The Carlyle Group’s Philadelphia Energy Solutions (PES) is an oil refinery in South Philadelphia at 3144 W Passyunk Ave, Philadelphia, PA. The facility has a footprint of 1,300-1,400 acres and sits on the Schuylkill River just above its confluence with the Delaware River. The oldest portion of the facility started petroleum-related activities in the 1860s; the facility currently produces fuels and basic petrochemicals for the chemical industry. Carlyle owns about 70% of PES, having formed a partnership with Sunoco, the previous owner, in 2012.
PES is the 10th largest oil refiner in the US, processing 335,000 barrels (14 million gallons) of crude oil per day and the largest oil refinery on the East Coast. It is also the largest crude unloading facility on the East Coast and contains the largest crude by rail yard in the nation. The facility operates 24 hours a day, 7 days a week, 365 days a year and is the largest single consumer of Bakken Crude from North Dakota, with the capability of unloading 21 unit trains a week (4 unit trains a day). The facility contains the Girard Point and Point Breeze refineries and the Schuylkill River Tank Farm.
The facility had $13.8 Billion in sales during the fiscal year ending September 2014. PES is pursuing an Initial Public Offering (IPO) of a Master Limited Partnership (MLP); such a partnership would shield PES’s income from virtually all corporate taxation. In August 2015, PES cancelled its planned offering of shares of Class A common stock, reportedly due to “market conditions”.
The facility has the following air emissions sources: 3 boilers > 100 MMBTU/hr, heaters, 36 process heaters, seven flares, cumene tank truck loading, benzene railcar unloading, propane loading, 2 Claus sulfur recovery plants, 8 cooling towers, storage tanks, marine barge loading, 2 fluid catalytic cracking units, inter-refinery pipeline equipment, 2 alkylation units, hydrogen purification, degreasing vats, a butane isomerization unit, wastewater sources, a benzene production unit, a cumene production unit, emergency generators, internal combustion units, and fugitives.
PES is classified by the EPA as a “High Priority Violator” because of the types of violations incurred and the need to remedy these violations “quickly”. PES has a unit that has been considered a High Priority Violation (HPV) since 4/1/12 because of its emissions of VOCs, visible emissions, fugitive emissions, particulate matter, and carbon monoxide.
In 2013, PES was by far Philadelphia’s largest emitter of all criteria pollutants, except lead.
|Criteria Pollutant||PES||Next Largest Emitter|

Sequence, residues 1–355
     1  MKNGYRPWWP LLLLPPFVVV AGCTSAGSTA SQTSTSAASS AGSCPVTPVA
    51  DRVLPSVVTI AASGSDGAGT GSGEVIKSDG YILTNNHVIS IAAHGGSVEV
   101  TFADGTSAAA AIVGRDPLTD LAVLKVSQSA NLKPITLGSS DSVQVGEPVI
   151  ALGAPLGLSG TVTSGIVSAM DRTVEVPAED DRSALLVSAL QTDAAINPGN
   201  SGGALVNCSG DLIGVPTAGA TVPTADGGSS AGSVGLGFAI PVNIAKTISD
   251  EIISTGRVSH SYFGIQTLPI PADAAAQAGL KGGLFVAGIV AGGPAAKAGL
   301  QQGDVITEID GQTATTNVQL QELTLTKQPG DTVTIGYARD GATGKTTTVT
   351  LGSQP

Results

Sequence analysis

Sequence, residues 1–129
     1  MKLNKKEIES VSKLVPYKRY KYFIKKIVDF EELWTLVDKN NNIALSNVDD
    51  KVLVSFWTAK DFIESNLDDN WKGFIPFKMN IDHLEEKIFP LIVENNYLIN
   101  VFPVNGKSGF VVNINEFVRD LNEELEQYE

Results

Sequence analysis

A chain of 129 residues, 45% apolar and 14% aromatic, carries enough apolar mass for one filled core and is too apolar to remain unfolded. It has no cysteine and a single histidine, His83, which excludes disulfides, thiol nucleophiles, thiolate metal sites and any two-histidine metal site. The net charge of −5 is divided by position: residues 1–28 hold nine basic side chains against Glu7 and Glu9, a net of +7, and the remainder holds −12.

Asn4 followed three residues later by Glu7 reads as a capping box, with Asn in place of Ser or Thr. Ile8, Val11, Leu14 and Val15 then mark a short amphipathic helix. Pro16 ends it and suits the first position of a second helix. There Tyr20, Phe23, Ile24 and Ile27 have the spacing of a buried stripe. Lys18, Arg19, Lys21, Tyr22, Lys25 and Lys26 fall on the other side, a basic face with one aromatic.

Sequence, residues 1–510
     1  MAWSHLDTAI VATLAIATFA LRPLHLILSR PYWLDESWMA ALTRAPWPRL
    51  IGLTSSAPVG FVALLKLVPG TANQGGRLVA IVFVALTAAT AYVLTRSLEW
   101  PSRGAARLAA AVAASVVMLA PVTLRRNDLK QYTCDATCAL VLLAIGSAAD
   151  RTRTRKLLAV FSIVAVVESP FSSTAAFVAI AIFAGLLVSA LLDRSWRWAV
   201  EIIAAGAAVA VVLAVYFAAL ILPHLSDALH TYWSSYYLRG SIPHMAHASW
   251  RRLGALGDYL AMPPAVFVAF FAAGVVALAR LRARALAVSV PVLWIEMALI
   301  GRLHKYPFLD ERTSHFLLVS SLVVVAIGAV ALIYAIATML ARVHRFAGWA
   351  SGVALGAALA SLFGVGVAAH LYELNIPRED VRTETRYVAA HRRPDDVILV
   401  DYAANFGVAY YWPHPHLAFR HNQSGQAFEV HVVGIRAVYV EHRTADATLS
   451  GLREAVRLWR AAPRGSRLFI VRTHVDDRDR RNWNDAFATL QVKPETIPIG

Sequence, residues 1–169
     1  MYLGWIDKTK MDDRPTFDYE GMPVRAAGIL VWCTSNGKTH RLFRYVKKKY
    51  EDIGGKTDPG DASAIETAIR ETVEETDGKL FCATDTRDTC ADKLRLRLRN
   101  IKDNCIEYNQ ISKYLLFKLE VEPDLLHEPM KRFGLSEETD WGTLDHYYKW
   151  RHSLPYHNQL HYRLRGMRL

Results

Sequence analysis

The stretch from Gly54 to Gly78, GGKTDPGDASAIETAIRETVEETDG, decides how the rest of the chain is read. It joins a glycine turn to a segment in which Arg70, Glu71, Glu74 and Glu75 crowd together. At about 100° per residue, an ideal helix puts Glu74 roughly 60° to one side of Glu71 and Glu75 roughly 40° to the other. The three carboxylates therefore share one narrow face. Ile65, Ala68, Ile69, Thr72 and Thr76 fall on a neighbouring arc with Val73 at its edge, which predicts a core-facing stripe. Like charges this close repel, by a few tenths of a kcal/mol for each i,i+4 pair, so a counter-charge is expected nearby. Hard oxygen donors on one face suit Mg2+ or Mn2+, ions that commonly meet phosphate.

Emissions in tons.
PES is responsible for 72% of the toxic releases in Philadelphia, according to the EPA. These releases place them among the top toxic emitters in the petroleum industry nationwide. In addition to a host of highly toxic air pollutants, toxic releases to water from PES include significant amounts of phenol, lead compounds, and antimony compounds, to name a few. The three-year compliance report (Oct. 2011- Sept. 2014) rated PES in “significant noncompliance” with several environmental permits, including clean water permits and eleven formal enforcement actions in the prior five years, some resulting in substantial fines. These violations include exceeding water permit limits for carcinogenic benzene, sulfide, and oil and grease. PES’s air and water toxic releases approached 500,000 pounds in 2014, primarily in the form of air emissions.
PES was most recently served with a Notice of Violations (NOVs) on 4/23/15 and 5/14/15. The 4/23/15 NOV listed five areas of noncompliance, two of which are related to the concentration of certain emissions allowed to leave the facility over discrete time periods, as required under the facility’s federal consent agreement (exceedance of hourly/daily concentrations and concentration exceedance). PES’s 2012 air-related violations resulted in fines of $170,820. Violations included: Flare smoking events, failure to follow maintenance/operating procedures, odor violations resultant from improperly sealed wastewater drums, unit shut downs causing flare opacity, and CO emissions exceedances, inter alia. PES’s 2013 air-related violations resulted in fines of $155,500. Violations from 2012 included: Flare smoking events, separator overflows, odor violations, and CO emissions exceedances, inter alia.
The refinery has been out of compliance with the Clean Air Act for all 12 of the last reporting quarters, (a total of three years). In the past 3 years, the facility has had 6 unanticipated bypasses of industrial wastes directly to the Schuylkill River, totaling 50 hours and 45 minutes. PES has also had hundreds of storage tank deficiencies, the most common of which were coating failure, corrosion, pinhole rusting, and damaged insulation, with some resulting in Notices of Violation.